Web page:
Do you have a business, perhaps a sari-sari store, where one of your neighbors have accumulated credit so high they’re now avoiding you or making silly excuses already because they don’t want to pay anymore?

Well, we have good news for you. There are still hopes for your money to get paid.

Former Supreme Court Chief Justice Reynato Puno said that the "Rule of Procedure for Small Claims Cases" allows any individual or business to file a case against someone who owes them money.

To be able to file a case against your debtor under the Rule of Procedure for Small Claims Cases, the money claim should not exceed P200,000 including interests and penalty fees (if there’s any). If the claim is more than the said amount then the plaintiff would have to go to regular court.

The clip below is a primer video shows how it is easy to file for 'small claims' cases in the country. No need to hire for a lawyer.

Meanwhile, here are the basic steps in filing for Small Claims Case in the Philippines

1. Go to either one of these places to file your case:

* First level court of the city where you live.
* First level court of the city where your debtor (defendant) lives

2. First level courts are defined as any of the following:

* Metropolitan Trial Court
* Municipal Trial Courts in Cities
* Municipal Trial Court
* Municipal Circuit Trial Courts

3. Go to the Office of the Clerk of Court and fill up the following forms:

* Information for Plaintiff
* Statement of Claim
* Certification of Non-Forum Shopping

4. As plaintiff, you would also need to accomplish a Verified Statement of Claim which certifies that all information you gave is correct and you have not filed the same case in any other court.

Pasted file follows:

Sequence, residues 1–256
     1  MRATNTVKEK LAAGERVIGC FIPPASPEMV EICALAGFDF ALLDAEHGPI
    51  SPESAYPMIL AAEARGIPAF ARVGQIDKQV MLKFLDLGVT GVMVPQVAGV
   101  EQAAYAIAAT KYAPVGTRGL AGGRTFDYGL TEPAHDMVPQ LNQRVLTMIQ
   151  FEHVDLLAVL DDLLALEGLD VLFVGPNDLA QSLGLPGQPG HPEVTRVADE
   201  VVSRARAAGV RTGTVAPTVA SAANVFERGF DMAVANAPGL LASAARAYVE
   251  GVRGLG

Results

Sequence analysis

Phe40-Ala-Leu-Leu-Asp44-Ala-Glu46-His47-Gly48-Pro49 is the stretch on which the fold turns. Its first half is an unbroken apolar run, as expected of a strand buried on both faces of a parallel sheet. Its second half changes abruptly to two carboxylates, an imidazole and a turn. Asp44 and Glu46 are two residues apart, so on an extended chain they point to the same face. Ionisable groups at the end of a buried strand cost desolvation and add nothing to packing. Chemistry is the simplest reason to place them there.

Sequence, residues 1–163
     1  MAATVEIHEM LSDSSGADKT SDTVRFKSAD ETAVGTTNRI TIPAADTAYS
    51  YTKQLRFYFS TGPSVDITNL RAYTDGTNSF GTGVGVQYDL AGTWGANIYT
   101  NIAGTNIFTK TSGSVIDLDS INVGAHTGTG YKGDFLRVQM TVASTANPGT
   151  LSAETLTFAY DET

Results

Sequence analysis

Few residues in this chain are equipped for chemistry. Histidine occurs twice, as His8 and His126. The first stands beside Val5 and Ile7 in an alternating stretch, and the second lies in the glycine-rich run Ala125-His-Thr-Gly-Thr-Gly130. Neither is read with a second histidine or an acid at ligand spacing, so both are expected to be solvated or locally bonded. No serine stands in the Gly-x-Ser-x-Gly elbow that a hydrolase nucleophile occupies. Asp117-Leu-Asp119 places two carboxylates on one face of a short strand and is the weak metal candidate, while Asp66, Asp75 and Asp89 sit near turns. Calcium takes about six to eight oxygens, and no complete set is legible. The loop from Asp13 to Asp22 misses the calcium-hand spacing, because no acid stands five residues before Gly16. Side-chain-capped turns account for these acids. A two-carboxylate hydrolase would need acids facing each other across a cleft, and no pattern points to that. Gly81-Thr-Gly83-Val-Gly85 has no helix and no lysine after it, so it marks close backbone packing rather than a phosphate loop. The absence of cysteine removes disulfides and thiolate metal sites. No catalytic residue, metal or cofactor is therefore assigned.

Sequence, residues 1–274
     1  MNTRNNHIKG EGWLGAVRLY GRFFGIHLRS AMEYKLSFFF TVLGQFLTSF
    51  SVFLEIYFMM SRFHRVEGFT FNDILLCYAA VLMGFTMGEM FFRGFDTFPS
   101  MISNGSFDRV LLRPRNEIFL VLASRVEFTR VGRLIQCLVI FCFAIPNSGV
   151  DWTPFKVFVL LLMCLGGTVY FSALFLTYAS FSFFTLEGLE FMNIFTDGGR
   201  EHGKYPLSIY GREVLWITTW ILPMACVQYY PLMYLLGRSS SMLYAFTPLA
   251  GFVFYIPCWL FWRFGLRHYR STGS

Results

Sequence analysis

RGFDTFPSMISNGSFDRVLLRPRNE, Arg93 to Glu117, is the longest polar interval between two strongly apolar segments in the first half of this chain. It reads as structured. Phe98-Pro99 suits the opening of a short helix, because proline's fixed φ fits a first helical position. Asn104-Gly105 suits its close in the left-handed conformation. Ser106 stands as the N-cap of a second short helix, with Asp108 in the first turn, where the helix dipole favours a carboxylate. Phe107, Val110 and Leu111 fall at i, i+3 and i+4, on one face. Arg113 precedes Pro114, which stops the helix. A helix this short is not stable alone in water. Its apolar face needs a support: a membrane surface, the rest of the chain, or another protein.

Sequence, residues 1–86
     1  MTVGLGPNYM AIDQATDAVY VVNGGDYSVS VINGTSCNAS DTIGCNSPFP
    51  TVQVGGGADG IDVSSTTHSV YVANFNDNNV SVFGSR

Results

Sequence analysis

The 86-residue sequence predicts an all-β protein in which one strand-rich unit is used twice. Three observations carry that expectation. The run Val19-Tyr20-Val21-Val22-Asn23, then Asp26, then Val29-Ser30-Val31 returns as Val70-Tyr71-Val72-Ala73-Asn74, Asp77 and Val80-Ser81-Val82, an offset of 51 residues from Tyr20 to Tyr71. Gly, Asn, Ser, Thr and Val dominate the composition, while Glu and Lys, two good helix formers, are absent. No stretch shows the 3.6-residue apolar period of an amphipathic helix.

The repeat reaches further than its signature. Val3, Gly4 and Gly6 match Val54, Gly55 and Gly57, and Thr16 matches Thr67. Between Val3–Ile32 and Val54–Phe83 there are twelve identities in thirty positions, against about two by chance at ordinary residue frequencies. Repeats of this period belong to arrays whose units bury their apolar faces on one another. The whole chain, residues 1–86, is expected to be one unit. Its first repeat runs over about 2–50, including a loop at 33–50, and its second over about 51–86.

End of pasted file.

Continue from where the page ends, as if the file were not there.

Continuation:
5. You would also need to provide other important documents that will show sufficient proof that the loan occurred, this can be ANY of the following:

* Signed contracts by the defendants.
* Promissory notes, receipts, bank deposit slips, checks and other “paper trails”
* Latest demand letter with proof of delivery and proof of receipt
* Affidavits of witnesses

6. After this, the plaintiff will then have to pay a small amount of around P 1,250 to file the case.

What happens next?

Now that all the documents are submitted, and all administrative fees are paid, the court will then assign the case to a judge (through a raffle) and if it’s found that there is merit to the case, the defendants will be given a SummonNotice of Hearing, Information for the DefendantResponse Form and other documents.

The plaintiff will then be informed and a Notice of Hearing will be sent to them stating the scheduled date and time of appearance in court.

During the Settlement Discussion, the two parties, with the mediation of the judge, will have the chance to settle the case. If no agreement happens, the case will now move to a court hearing which should occur on the same day.

Lastly, at the hearing, the judge will now make his or her decision regarding the case. The decision is final, non-appealable and immediately executory.

Source: Nation's Press

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